This year I decided to try my hand at soup. Not just any soup but “pumpkin bisque.”

Now I would love to tell you that I used a pumpkin grown right in my yard. All organic and local and freshly roasted in my oven the day before.

But the truth of the matter is that even though I did actually grow a little sugar pumpkin this year in my front yard. (This picture is really from my front yard!!) It was just too cute (and too small!) to really be cooked. Plus I really liked admiring my handiwork once I picked it and put it on the front steps for fall!

So I did what anybody in their right mind would do. I bought organic, 100% pure pumpkin in a can. And you know what…it was delicious!
In fact it was “Soup-er!”

After doing a little research on soups, I settled on a simple approach. Apples for sweetness and whole milk for creaminess. A little roasted garlic goes a long way towards giving a warm “undertone.” I also decided to get fancy and make my own little brown-butter croutons and some fried sage. (Which by the way was harvested from my back yard herb garden!) I served it with wedges of Parmesan-sage cornbread.

The Recipe

2 cans (15oz) 100% pumpkin puree

1 box (32oz) low-sodium vegetable broth

1 apple peeled, cored and finely chopped

2 tb butter

2 cups +/-whole milk (depends on how creamy you want it)

1/4 tsp ground ginger

1 tb fresh sage, finely minced

1 or 2 small cloves of roasted garlic

salt and pepper to taste

Saute the apple, sage and ginger in the butter until the apples are soft and slightly caramelized. Maybe 4-5 mins. Add the pumpkin and kinda ‘toast” it for another minute or two. De-glaze the pan with the broth. Puree the soup in the pan with one of those immersible stick blenders. ( If you don’t have one – get one – they are worth it! or I suppose you could use a blender and transfer it back to the pot.) At this point I taste for seasoning adding salt/pepper and if you want it sweeter, add some apple sauce or apple cider. I also judge at this point if I want to serve this quantity. Since I was serving a small crowd, I actually removed half of this from the pan, cooled and froze it as a “soup starter” for another day. THEN I added the whole milk (1 to 2 cups) to the remainder of the soup to create a creamy bisque. I just added and stirred until it got to the consistency that was right for me. Now I let this simmer on very low, covered until time to serve. The soup starter in the freezer can just be defrosted another day, heated up and have the milk added at that time.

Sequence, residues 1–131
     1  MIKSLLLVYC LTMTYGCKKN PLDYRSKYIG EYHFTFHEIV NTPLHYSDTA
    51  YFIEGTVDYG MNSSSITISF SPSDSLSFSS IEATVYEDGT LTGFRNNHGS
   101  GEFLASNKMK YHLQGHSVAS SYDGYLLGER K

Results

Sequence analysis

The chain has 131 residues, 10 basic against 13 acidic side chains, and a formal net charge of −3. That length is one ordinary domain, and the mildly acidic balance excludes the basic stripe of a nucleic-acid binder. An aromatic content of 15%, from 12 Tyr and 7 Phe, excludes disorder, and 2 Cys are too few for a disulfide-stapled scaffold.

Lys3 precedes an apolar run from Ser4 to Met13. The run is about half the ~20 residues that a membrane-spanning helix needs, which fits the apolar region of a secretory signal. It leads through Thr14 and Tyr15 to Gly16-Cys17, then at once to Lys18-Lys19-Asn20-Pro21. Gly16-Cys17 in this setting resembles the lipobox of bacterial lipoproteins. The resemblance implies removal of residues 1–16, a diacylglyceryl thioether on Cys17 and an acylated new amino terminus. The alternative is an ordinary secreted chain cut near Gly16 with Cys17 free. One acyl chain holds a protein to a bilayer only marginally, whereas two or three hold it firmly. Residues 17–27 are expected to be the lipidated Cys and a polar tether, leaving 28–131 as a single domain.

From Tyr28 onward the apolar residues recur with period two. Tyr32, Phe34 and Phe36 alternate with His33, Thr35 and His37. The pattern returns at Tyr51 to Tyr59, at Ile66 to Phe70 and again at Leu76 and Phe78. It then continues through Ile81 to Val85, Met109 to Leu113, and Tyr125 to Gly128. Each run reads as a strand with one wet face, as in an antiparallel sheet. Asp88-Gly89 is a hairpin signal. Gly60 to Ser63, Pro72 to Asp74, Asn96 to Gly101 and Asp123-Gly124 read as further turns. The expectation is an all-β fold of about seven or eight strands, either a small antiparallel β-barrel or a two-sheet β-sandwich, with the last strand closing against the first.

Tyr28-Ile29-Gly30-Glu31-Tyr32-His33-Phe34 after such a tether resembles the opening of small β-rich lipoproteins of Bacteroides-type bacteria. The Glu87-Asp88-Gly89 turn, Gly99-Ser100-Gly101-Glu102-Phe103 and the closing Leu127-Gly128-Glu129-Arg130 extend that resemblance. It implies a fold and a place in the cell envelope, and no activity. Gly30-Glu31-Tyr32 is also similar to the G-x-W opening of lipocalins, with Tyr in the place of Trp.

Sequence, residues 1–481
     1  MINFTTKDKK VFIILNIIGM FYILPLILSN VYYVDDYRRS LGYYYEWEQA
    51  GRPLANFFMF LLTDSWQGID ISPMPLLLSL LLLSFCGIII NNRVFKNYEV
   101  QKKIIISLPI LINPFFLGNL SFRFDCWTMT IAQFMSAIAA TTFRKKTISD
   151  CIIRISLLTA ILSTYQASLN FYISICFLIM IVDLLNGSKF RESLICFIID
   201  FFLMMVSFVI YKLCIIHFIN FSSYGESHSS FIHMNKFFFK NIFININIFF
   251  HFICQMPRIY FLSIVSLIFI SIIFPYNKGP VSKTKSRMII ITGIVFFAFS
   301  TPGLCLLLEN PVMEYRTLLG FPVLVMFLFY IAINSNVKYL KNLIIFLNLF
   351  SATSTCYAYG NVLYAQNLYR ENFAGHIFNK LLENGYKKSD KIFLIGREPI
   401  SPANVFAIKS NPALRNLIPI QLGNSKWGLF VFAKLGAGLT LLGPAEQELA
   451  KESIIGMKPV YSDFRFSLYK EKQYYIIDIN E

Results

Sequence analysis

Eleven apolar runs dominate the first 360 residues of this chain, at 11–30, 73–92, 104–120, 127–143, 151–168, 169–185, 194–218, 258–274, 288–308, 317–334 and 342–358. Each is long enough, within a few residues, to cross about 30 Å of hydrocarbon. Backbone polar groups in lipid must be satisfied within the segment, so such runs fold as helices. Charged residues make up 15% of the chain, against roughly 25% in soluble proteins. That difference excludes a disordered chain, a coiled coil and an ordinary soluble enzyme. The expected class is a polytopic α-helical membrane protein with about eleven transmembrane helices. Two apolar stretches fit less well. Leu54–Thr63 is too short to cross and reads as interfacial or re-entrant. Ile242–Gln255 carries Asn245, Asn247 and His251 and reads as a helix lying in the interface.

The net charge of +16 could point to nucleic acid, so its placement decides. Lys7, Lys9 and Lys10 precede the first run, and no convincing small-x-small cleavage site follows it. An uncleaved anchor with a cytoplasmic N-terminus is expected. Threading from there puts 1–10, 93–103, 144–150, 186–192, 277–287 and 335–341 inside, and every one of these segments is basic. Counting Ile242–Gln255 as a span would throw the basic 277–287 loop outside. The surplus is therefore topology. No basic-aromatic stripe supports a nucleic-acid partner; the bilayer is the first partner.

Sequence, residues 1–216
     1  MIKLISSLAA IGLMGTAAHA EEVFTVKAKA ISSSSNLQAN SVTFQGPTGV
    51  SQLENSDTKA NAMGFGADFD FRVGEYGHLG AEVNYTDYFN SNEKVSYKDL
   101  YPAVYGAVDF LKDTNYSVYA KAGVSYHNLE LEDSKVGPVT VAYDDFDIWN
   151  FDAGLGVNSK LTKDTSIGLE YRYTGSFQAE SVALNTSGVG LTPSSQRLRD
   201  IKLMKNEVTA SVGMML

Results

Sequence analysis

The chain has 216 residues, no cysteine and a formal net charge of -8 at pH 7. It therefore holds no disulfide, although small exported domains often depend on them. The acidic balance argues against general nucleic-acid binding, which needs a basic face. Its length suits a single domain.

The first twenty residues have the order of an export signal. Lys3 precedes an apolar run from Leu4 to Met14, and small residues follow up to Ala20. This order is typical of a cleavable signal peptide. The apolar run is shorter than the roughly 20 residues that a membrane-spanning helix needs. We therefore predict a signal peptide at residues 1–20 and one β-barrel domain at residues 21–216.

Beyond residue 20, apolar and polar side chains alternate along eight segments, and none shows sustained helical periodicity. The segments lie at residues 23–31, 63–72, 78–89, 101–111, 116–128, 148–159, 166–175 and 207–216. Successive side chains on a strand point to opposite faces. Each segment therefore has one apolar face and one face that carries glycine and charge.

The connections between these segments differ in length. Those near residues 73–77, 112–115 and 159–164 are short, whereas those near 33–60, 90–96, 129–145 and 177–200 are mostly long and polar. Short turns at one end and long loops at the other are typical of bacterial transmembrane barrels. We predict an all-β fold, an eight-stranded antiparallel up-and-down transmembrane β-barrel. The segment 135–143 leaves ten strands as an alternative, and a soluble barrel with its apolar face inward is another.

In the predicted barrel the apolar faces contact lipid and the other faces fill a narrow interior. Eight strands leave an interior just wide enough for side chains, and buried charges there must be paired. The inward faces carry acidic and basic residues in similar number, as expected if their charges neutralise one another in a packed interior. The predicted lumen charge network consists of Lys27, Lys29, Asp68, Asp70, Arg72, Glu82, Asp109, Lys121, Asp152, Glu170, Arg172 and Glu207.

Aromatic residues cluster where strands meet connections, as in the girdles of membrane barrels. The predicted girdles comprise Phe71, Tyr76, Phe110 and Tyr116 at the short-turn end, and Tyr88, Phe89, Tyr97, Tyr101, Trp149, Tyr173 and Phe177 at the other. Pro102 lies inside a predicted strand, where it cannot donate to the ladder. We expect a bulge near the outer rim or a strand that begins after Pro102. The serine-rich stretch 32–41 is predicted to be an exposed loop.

The Other “Chowdah”

That would be corn chowder. (or “chowdah” as they say around here in Boston)

Clam gets all the fame but frankly I like a hearty cup of corn chowder much more than clam. Okay confession time: I hate clams and always have. Gasp! A native New England-er hates clams! Plus my dad who was from California preferred the red “Manhattan style” clam chowder that came out of a can! Double Gasp!! So that is what I thought all clam chowder smelled and looked like for a long time.

Basically I am saying it is not my fault that I don’t like clams.

Now my husband – he LOVES clams. So the real challenge was getting him to realize you can have chowder without clams!

Just add bacon. That makes everything okay. And he loved it. I know he genuinely loved it because he ate it two or three times over the next few days after I made it. And he hardly ever eats a leftover.

The Recipe

2 cups of corn kernels – I happened to have some leftover roasted on the cob from this summer in my freezer – but any will do.

2 cups potatoes, cooked but still firm and diced large – peel if you want. I don’t. ( I used leftover baked potato)

4 ozs of bacon – diced small – low sodium is nice to use.

1 medium onion diced small

1 can (14.5 oz) of creamed corn – a secret trick for “upping” that corny flavor and texture.

4 cups of whole milk – best if not super-cold from the fridge

2 cups of “half and half” – same temperature tip as the milk

1 tsp +/- of dried dill weed (Secret ingredient secured from my mom’s recipe – thanks!)

1 garlic clove, peeled but whole – for subtle flavor and to be fished out later. (Also thanks to mom for that one!)

salt and pepper to taste and a big pat of butter to enrich the soup before serving if you are feeling a little decadent.

Saute the bacon in a heavy bottom pot until it is about halfway rendered. Add the diced onions and continue cooking. When onions have softened a bit and turned golden, add the corn, potatoes, dill and some salt/pepper. Toss around the pan a bit. Add the creamed corn, milk, half and half and garlic. Turn down the heat so the milk/cream won’t scald but will still continue to gently cook. (barely a simmer) This might take some playing around with your burner heat. Watch it carefully. Let cook on low for at least an hour to really marry the flavors and the dairy will thicken just a bit. Taste for seasoning – add that butter if you dare and serve.

“If you want it thicker” Tips:

You can do an old-fashioned flour roux if you like at the beginning once the onions and bacon are merrily on their way.

You could add a slurry of “masa” (finely ground corn flour) and water to “up” the corn flavor and keep it gluten-free. 1 cup liquid to 1/2 cup masa. add it after you add all the other stuff.

Mom suggests you take an extra cooked potato and blend it down with a little of the soup or even some hot water and use that to thicken the soup. That is how she does it.

For the vegetarians

Just leave out the bacon and use fat-of-choice to saute the onions. Problem solved.